Masterchef's John Torode offers 'sage advice' to World Class Irish Bartender of the Year ahead of world final
Masterchef's John Torode has revealed he offered newly crowned World Class Irish Bartender of the Year, Andy Ferreira, some "sage advice" ahead of September's global final.
The TV presenter and restaurateur was in Dublin to judge the final at Zozimus bar this week and says Andy, who hails from Cask restaurant in Cork, is a worthy winner.
“I think the thing about bartending these days is it’s not just about making a drink. It’s about understanding customers, understanding how a bar works, meeting people, having huge amounts of knowledge on the classics and putting your own identity on it without turning into something indescribable.,” he says.
“I think one of the things that’s interesting about Andy is the fact he’s very well travelled, his parents are very well travelled, he’s an advocate for foraging and finding stuff in nature and utilising what’s around him and in season. He survives on natural resources as much as possible and as a result of that his drinks are really special.
“It takes a very special person to win World Class Ireland – they go to Mexico to represent their country and the competition is going to be ferocious.”
Torode gave the Irish hopeful some advice ahead of the final, which will see him compete with hundreds of other talented individuals from all over the world at the final in Mexico in September.
“Andy knows what he’s got to do to make sure he does stand a chance. In any competition you go one place and then the next place – you can’t look back or look at the other ladders or you’ll fall off your own ladder. He knows what to do," reveals John.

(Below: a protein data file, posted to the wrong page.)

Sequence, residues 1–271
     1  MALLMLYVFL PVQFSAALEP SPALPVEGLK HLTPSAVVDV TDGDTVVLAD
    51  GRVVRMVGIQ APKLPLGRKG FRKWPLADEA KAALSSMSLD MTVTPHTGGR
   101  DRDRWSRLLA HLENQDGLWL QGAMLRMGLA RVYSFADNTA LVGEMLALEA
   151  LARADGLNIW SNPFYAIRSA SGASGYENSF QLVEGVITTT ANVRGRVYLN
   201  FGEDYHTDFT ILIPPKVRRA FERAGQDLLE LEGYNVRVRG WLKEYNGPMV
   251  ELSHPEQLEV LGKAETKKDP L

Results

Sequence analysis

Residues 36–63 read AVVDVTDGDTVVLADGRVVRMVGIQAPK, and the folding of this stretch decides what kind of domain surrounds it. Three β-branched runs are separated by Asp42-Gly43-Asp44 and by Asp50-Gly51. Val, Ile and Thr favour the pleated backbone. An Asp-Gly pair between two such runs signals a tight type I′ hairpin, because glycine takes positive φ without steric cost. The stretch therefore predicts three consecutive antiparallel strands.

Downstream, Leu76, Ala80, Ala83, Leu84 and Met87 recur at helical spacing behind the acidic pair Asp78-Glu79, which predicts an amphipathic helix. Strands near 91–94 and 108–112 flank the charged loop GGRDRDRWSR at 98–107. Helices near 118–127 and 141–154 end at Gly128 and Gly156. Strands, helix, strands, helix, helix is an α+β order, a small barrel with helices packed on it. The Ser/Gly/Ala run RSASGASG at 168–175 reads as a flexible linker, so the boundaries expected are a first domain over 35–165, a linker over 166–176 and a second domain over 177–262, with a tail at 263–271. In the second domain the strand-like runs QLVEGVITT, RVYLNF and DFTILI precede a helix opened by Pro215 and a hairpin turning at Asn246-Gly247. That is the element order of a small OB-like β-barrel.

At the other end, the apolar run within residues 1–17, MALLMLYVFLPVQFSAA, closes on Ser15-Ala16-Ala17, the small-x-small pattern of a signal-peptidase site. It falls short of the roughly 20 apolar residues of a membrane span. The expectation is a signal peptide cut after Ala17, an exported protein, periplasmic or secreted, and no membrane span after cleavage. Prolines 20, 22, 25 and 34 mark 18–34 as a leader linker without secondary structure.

“I gave him some sage advice last night. He has the skill and the knowledge and now he has to have the confidence. It will be an arena of 300-400 and there will be lots of confidence and arrogance and lots of egos and that ego has to be able to match up to whatever they’re going to put on.”
Of what it takes to be successful, he says you need to "understand the basics" and build on them.
"I think as a craftsman you’ve got to understand the basics, know the rules before you can break the rules whether you’re bartending, or a brick layer or carpenter," he says.
"The one thing they have in common is they understand the foundation and the building blocks of what they do. Know the basic principles and then you can do what you want.
"That's why Andy is so special because he’s a guy in his 40s, well travelled, done the basics, worked his way up, bought a bar - he knows what to do, how to do interesting stuff for his customers. He’s introducing things as classic ideas with a bit of a move or a shake," he says.
"I’m not talking a Cosmopolitan with a bit of black pudding in it. It would be wrong but people do it. People do the weirdest things with food and drink!"